Appellant substantially relies on North Star to establish respondent's duty to defend. North Star, however, is distinguishable in several important ways. In North Star, the tortious act was the transmission of herpes through voluntary, consensual sexual intercourse. North Star, 431 N.W.2d at 139. Here, the nonconsensual sexual contact was the cause of injury. There was also an unresolved material issue of fact in North Star. The tortious act was accidental only if the defendant did not know he had herpes at the time of the transmission. Id. at 141. Until a jury could answer this fact question, the claim arguably was within the scope of coverage. Id. There is no such fact question here. The sexual contact occurred, and it caused the injury.

There is no evidence in the record that the sexual contact was accidental. Cf. Allstate, 518 N.W.2d at 40 (finding nonconsensual sexual assaults could not be characterized as "accidents"). We agree with the district court's conclusion that the sexual contact was wrongful because it was nonconsensual and that it was not an accident because it was expected, foreseen, or designed. Therefore, it was not an "occurrence" under appellant's policy and respondent had no duty to defend.

II. Intentional Act Exclusion

The homeowner's policy contains an exclusion that states:

1. Coverage D - Personal Liability and Coverage E - Medical Expense do not apply to bodily injury or property damage:

a. which is expected or intended by any insured;

(Some emphasis omitted.)

An injury is expected or intended if the insured intended to cause bodily injury or

"when the character of the act is such that an intention to inflict an injury can be inferred" as a matter of law.

Continental W. Ins. Co. v. Toal, 309 Minn. 169, 177, 244 N.W.2d 121, 125 (1976) (quoting Caspersen v. Webber, 298 Minn. 93, 99, 213 N.W.2d 327, 330 (1973)). The Minnesota Supreme Court

has inferred an insured's intent to harm in cases of nonconsensual sexual conduct as a matter of law so as to preclude insurance coverage.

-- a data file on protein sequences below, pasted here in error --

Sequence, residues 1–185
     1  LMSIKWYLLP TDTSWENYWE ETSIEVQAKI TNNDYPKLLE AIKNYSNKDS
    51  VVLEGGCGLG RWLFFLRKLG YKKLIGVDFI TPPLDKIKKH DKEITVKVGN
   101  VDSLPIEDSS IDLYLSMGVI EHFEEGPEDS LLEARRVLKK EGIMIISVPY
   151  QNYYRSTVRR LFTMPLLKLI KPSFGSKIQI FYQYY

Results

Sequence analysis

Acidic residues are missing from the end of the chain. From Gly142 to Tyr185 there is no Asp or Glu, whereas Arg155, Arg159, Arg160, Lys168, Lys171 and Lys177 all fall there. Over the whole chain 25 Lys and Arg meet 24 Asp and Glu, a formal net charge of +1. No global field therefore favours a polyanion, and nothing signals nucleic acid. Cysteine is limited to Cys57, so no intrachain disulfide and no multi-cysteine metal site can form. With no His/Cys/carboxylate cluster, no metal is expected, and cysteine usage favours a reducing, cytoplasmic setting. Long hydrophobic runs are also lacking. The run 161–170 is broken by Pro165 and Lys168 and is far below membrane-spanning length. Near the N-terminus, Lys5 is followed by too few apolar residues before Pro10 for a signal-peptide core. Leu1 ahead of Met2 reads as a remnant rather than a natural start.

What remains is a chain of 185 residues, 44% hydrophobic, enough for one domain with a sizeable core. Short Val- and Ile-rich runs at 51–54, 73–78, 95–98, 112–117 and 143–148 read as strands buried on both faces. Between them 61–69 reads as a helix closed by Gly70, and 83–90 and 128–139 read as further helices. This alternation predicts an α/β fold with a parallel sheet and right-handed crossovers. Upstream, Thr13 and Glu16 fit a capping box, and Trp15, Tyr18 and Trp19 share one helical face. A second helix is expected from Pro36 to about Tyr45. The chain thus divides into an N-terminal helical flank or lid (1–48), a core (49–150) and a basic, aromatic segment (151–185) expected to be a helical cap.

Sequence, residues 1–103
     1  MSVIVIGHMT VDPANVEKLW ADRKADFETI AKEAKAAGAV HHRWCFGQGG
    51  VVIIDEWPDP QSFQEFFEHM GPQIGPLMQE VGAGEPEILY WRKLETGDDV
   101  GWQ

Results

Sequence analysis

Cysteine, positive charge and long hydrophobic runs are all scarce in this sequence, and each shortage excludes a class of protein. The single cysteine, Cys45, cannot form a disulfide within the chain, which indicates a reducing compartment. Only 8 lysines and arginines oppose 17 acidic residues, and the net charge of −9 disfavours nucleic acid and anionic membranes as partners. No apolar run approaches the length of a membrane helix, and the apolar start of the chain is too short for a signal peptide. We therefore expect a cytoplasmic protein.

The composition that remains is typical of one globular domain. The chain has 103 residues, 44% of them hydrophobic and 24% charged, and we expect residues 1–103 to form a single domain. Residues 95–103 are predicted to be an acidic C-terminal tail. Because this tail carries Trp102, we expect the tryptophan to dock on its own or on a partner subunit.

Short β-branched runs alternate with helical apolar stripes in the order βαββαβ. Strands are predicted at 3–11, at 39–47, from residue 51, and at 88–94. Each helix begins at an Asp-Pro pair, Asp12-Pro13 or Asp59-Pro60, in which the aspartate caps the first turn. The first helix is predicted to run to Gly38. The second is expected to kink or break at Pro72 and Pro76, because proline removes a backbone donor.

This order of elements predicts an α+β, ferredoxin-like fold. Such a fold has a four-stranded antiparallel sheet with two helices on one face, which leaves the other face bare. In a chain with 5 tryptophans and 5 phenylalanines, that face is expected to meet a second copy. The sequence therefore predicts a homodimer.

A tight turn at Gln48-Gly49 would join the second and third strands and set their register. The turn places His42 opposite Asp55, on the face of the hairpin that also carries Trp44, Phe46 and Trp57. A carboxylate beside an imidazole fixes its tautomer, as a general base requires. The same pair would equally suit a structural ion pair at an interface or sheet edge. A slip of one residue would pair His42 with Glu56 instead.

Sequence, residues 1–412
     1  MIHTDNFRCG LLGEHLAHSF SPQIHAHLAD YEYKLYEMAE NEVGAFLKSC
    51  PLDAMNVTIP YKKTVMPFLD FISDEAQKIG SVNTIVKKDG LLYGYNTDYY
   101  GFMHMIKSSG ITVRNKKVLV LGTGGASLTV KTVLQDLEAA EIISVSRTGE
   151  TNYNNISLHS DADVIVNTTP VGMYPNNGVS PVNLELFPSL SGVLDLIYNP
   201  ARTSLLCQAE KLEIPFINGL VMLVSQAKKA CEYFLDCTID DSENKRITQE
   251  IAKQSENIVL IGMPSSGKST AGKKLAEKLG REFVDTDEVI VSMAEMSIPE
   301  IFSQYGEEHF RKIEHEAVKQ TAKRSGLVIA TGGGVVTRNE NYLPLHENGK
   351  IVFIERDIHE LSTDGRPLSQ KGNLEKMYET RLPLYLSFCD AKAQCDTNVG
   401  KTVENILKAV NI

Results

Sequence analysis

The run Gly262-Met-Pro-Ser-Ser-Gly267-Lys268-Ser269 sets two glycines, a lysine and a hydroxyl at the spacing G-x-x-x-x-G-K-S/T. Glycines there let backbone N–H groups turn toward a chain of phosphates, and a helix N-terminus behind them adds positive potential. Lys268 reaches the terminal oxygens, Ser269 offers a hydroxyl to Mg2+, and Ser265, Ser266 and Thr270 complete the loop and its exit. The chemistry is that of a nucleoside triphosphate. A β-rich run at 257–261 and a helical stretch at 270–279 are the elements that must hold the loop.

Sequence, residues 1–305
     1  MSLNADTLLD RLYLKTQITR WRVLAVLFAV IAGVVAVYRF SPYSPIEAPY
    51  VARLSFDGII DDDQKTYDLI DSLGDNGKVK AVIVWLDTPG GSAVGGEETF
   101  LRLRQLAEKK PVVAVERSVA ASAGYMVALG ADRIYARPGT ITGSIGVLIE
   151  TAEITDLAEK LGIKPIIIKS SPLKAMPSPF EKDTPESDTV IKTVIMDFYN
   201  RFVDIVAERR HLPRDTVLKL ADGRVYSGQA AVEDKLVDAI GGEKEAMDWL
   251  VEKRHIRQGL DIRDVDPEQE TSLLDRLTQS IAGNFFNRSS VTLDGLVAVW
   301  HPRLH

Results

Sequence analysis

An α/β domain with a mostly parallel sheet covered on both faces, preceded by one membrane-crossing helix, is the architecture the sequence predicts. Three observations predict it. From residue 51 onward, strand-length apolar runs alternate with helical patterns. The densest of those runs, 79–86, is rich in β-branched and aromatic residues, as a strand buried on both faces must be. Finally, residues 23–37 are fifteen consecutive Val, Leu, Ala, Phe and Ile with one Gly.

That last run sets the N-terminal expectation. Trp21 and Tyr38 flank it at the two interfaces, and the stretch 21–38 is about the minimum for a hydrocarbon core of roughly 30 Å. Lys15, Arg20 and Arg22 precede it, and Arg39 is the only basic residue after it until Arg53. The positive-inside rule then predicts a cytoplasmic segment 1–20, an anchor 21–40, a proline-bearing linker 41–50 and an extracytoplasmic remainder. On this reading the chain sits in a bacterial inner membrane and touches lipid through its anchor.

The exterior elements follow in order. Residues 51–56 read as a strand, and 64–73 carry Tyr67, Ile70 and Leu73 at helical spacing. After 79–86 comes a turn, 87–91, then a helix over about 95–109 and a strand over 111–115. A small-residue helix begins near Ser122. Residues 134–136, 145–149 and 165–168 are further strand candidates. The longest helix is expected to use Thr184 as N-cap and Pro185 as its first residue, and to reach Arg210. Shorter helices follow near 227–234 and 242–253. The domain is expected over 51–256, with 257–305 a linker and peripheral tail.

Auto-Owners Ins. Co. v. Todd, 547 N.W.2d 696, 699 (Minn. 1996); see also Horace Mann Ins. Co. v. Independent Sch. Dist. No. 656, 355 N.W.2d 413, 416 (Minn. 1984) (intent to injure inferred from high school coach's nonconsensual sexual contacts with student); Estate of Lehmann v. Metzger, 355 N.W.2d 425, 426 (Minn. 1984) (intention to inflict injury will be inferred when construing intentional act exclusion where underlying claim is that insured intentionally sexually assaulted victim); State Farm Fire & Cas. Co. v. Williams, 355 N.W.2d 421, 424 (Minn. 1984) (intent to cause bodily injury inferred from nonconsensual sexual contact with physically incapacitated adults).

In the underlying complaint, plaintiff alleges that appellant, along with two others, by entering her sleeping quarters without consent, "placed her into a zone of danger of imminent physical harm" with the result that plaintiff suffered the negligent infliction of emotional distress. In a similar case with the same allegation, the Minnesota Supreme Court stated:

This allegation * * * amounts to nothing more than a claim that the three men entered plaintiff's home to assault her sexually; in other words, this allegation is just a variation of the intentional assault claims, which are barred by the intentional act exclusion.